We should have learned long ago that meddling in other countries’ civil wars is a no-win effort at diplomacy, particularly when the United States acts alone.
We’re heading into another of these buzz saws, this time in Syria, as President Obama prepares to launch air strikes against the government of Syrian President Bashar Assad.
It was more than a year ago that Obama drew a red line for Assad. Obama said that the United States was not interested in intervening militarily in the Syrian civil war. But the use of chemical weapons would “change my calculus” on that matter, Obama said in August 2012.
According to statements from Secretary of State John Kerry, Assad’s government has danced all over that line. Kerry said in a news conference last week that the Syrian government on Aug. 21 attacked rebel-held territory with chemical agents. The attack killed more than 1,400 people, including more than 400 children. Samples from the area later tested positive for the nerve agent sarin.
Last week, it seemed virtually certain that the United States was going to launch an immediate punitive strike against Syria. But even as our forces were moving into position, unnamed Obama administration officials were announcing that there would be no “boots on the ground,” that “regime change” was not a goal of the attack, and that the air attacks would be of short duration, perhaps only three days or so.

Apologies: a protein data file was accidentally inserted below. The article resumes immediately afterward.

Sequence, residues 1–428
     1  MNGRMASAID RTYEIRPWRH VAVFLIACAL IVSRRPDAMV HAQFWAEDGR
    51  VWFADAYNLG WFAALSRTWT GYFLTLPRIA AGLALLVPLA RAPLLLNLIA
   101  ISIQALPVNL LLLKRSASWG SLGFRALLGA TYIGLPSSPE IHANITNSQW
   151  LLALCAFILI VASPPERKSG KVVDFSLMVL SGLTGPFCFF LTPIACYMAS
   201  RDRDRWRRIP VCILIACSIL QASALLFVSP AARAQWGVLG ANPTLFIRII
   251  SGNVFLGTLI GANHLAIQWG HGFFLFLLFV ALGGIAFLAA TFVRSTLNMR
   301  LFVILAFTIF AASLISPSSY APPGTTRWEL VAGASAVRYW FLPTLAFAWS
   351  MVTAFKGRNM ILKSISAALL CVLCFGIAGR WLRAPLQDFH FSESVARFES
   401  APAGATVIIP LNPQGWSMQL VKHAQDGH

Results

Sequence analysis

It soon became apparent that the planned strike on Syria was more about saving face than accomplishing any strategic goals.
Our allies soon fled. Arab nations refused to give their support. The British Parliament handed Prime Minister David Cameron a stern rebuke in its almost unprecedented refusal to grant him authorization to use military force.
Obama quickly relented, announcing that he would seek the approval of Congress for military action — but left open the question of whether he would do so even if Congress declined. Obama now suggests he does not need congressional approval, but as a senator he insisted such permission was foundational to the republic.
The question of whether and when a president has the authority to engage in military action without the consent of Congress has long been a matter of debate. But the spectacle of a president asking for congressional approval while suggesting he may do what he wants anyway raises serious constitutional questions.
Meanwhile, Assad is crowing about how he faced down mighty America and warning about a regional conflagration if the U.S. dares attack. It is only a matter of time before more chemical bombs fall on helpless Syrian civilians.
Lost amid the chaos is the question of whether it is in the national interest to intervene in a faraway civil war in which both the government and the rebels are unsavory characters.
This is nothing short of a debacle for American foreign policy, the consequences of which the country may face for years to come.